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Beninese bronzes repatriated from Met will be returned to Nigeria: NPR


Junior Field Official is one of two 16th century plaques produced at the Court of Benin which will be returned to Nigeria by the Met.

Courtesy of the Metropolitan Museum of Art


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Courtesy of the Metropolitan Museum of Art

Beninese bronzes repatriated from Met will be returned to Nigeria: NPR

Junior Field Official is one of two 16th century plaques produced at the Court of Benin which will be returned to Nigeria by the Met.

Courtesy of the Metropolitan Museum of Art

Beautiful West African bronze sculptures and casts have long been on display in some of the world’s most august institutions, and the Metropolitan Museum of Art announced on Wednesday that it is returning three of these works of art to Nigeria. . They include two 16th century brass plaques created at the Court of Benin and a brass head produced in Ife around the 14th century.

“The… plaques produced at the Court of Benin, Warrior chief and Junior Field Official, were among the works removed from the royal palace in 1897 during the British military occupation of Benin, ”the Met said in a statement. (The borders have changed over the years and the ancient kingdom of Benin, from which these works originated, which is now southern Nigeria.)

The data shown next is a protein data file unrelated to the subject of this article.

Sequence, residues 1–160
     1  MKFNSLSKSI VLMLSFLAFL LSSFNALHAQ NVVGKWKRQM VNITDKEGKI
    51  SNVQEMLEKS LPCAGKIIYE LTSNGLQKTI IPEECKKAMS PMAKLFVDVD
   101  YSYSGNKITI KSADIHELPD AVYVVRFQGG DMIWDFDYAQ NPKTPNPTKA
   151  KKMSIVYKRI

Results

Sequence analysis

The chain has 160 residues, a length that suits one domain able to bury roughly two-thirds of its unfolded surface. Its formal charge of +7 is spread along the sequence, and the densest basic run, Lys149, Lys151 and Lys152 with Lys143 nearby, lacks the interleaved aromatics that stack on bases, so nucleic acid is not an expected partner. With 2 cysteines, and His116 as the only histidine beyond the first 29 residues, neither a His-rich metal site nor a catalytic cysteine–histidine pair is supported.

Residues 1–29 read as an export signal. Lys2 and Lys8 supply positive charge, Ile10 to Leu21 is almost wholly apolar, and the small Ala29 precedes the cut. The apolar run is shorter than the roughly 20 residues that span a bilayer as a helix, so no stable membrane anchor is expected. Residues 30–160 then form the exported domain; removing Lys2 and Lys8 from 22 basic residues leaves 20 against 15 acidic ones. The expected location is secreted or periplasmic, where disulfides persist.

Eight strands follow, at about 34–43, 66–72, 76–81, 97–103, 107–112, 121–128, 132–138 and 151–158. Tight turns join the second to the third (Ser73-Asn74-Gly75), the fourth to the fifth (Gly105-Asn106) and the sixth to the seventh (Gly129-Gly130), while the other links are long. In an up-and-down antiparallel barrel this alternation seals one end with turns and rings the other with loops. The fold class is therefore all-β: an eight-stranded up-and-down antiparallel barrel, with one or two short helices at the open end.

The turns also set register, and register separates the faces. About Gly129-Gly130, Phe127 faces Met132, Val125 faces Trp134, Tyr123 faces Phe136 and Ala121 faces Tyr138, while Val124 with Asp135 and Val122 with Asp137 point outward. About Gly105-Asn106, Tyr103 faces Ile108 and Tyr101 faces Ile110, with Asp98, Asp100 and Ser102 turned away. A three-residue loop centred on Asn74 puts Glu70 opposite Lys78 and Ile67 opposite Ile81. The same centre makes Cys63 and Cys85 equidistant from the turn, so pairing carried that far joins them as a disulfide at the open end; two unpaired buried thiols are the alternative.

“Following this military campaign, they entered the collection of the British Museum in London from 1898 to 1950,” the statement continued. “In 1950-1951, the British Museum transferred these two plaques (and 24 others) to the National Museum in Lagos. Although never ceded by the National Museum, both plaques entered the international art market on an unknown date and under unclear conditions. circumstances and were ultimately acquired by a New York collector.

The mysterious collector donated the works – and his other Beninese bronzes – to the Met in 1991. Over the past year, the Met has said it has researched their provenance, working with the Nigerian National Commission on Museums and Monuments. He decided to return the works to Nigeria. the Head of Ife, originally from the Wunmonije complex in Nigeria, was offered for sale at the Met and the museum has negotiated its return.

“The Met is do not saying that these items were stolen, so morally, legally, we decided to return them, ”noted journalist Barnaby Phillips, author of the recently published book LOOT: Britain and the Benin Bronzes. “They want to be seen as willing and helpful and good partners in Nigeria. And it was visible in the statement that they are also offering their support to the Edo Museum of West African Art, a museum that does not yet exist. “

One day, says Phillips, backers are hoping that the Edo West African Art Museum will be built in Benin City to house a collection of world-class Beninese bronzes, including those taken. illegally and exposed in the West for generations.

“We welcome the rapprochement that is developing in the museum world and appreciate the sense of justice displayed by the Metropolitan Museum of Art,” said Alhaji Lai Mohammed, Nigerian Minister of Information and Culture in the context of the Met’s statement. “Nigeria asks other museums to take inspiration from it. The art world can be a better place if every owner of cultural artifacts takes into account the rights and feelings of the dispossessed.



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